Supercontinent: Ten Billion Years in the Life of Our Planet
Harvard University Press, 2007
304 pp., $29.95
by Stephen O. Moshier
The Upper Crust
Nield explores sociological factors in the gradual acceptance of plate tectonics, suggesting that science is a kind of supercontinent. Just as plates are slowly shifted by a variety of forces, paradigm shifts in science can be preceded by decades of give and take between scientists. Wegener's idea was accepted earlier and more widely in Europe than in America. Frankly, American scientists were put off by Wegener's rather bombastic pronouncements (or at least the tone employed by his English translator). Nield suggests that European science was driven by inductive methods (allowing explanations to emerge from the data set), while American scientists practiced a democratic form of deduction called "multiple working hypotheses" (collection of data to deliberately test or reject numerous possible explanations). By American standards, Wegener and his cohort were jumping the gun. Also, Nield explains that scientific advances can stall or get sidetracked if scientific models become confused with reality. U.S. geographic surveyors were committed to a model of crust properties that was useful for correcting local gravity variations but carried the assumption that rocks do not flow over long periods of time. Europeans embraced a more dynamic model of the inner earth, making the idea of moving continents quite tenable. (While Nield doesn't disparage or completely neglect the role of U.S. scientists in the development of plate tectonics, I feel he ignores some important contributions from the New World to the emerging synthesis after World War II.)
The final third of the book is devoted to discoveries and theories about the earth before Pangaea. Nield uses the analogy of palimpsest texts to describe how geologists use ingenious geochemical methods to unravel the history of the earth's oldest rocks. The work has led to the "discovery" of supercontinents that preceded Pangaea: Ur some three billion years ago and Rodinia about one billion years ago. The influence of these Precambrian tectonic revolutions on the history of life is emerging from the supercontinent of science. Ur—with its marginal shallow seas—was a template for cyanobacteria growing layer upon slimy layer on the seafloor, converting carbon dioxide in the atmosphere into oxygen. Rodinia was an equatorial supercontinent, whose position and fragmentation may have promoted global cooling to the point of converting earth into a temporary snowball (or slushball, depending on the scientist). The appearance of multicellular life with three-layer bodies during the time of Rodinia's icy fragmentation about 650 million years ago implies some connection. "On the supercontinent of science, everything must fit together," the author reflects.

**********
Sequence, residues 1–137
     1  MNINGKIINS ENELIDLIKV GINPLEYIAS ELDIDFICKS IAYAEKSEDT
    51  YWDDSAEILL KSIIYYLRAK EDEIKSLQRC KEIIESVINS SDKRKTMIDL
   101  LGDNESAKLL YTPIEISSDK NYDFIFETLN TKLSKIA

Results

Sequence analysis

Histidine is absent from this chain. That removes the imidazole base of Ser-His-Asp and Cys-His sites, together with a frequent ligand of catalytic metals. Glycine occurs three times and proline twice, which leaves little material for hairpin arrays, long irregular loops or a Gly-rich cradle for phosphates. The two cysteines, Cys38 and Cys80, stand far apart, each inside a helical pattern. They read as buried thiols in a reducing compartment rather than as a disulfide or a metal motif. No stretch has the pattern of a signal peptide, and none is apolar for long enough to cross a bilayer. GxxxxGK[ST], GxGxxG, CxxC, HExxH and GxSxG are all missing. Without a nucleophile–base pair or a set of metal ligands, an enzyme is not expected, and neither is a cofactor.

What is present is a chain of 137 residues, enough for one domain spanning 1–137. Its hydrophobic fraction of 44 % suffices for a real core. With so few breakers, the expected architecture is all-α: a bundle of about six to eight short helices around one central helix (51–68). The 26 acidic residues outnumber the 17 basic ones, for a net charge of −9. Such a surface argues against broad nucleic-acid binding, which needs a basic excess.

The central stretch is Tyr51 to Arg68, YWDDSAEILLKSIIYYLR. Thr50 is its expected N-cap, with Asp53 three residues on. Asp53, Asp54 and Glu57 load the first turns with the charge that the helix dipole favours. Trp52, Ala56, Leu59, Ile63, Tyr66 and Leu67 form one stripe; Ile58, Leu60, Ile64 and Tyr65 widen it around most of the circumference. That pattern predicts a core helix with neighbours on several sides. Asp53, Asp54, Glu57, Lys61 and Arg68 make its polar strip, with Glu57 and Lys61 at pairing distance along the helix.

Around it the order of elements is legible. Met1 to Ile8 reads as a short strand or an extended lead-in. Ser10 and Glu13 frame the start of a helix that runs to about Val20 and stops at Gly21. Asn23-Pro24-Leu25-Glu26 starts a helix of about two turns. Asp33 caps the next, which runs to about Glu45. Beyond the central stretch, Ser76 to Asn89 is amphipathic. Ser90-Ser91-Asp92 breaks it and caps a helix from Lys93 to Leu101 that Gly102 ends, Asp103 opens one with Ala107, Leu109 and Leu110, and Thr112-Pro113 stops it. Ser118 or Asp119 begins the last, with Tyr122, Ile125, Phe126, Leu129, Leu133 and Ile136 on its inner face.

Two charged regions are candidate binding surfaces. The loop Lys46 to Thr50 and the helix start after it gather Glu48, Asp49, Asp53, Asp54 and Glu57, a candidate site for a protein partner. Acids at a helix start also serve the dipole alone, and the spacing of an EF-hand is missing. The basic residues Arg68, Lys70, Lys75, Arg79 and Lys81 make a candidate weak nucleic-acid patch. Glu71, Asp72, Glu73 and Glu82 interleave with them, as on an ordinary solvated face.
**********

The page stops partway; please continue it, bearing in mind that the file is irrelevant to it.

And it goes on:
Nield considers how sometimes, in order to advance cultural or religious agendas, "scientific ideas about possible lost worlds have escaped the domain of science and taken on new life as myth." First there was the case of Lemuria, which was legitimized by Friedrich Engels and H. G. Wells as the missing nursery of humankind. Tamil religious scholars reasoned that Lemuria must be their mythic homeland Kumarikkanam. Spiritualist and Theosophy founder Helena Blavastsky claimed Lemuria as the paradise of pre-human ancestors who lived there with dinosaurs, before moving the whole kit and caboodle to another lost continent, Mu, in the south Pacific. Mu was promoted by a cottage industry of late 19th-century spiritualists on the basis of some wishful mistranslations of Mayan inscriptions. The account of ancient earth in the New Age Urantia Book refers to a supercontinent from which life originated one billion years ago, in embarrassing near-agreement with the scientific Rodinia.
Nield's commitment to philosophical naturalism is quite obvious throughout the book. He concludes on a blustering note, rejoicing in science's triumph over religion and mythology. Human hubris—the kind that inevitably follows from faith in an absolute creator, he contends—hinders the advance of knowledge, because "science tells us there is no absolute knowledge of any kind." Nield doesn't explain how scientific ancestors such as Isaac Newton, Robert Boyle, and (first Cambridge professor of geology) Adam Sedgwick—devout Christians all—managed somehow to overcome this handicap, not to mention the thousands of Christians and followers of other religious traditions in the sciences today. Nield compares the Tamil scholars' use of Lemuria to support their mythology with Christian creationists who, "By insisting on the literal truth of the creation myth told in the Old Testament and by vainly looking for evidence of the supernatural among the things of this world … espouse … both bad science and bad religion, demonstrating nothing more than ignorance on the one hand and lack of faith on the other." Ouch, he has a point there.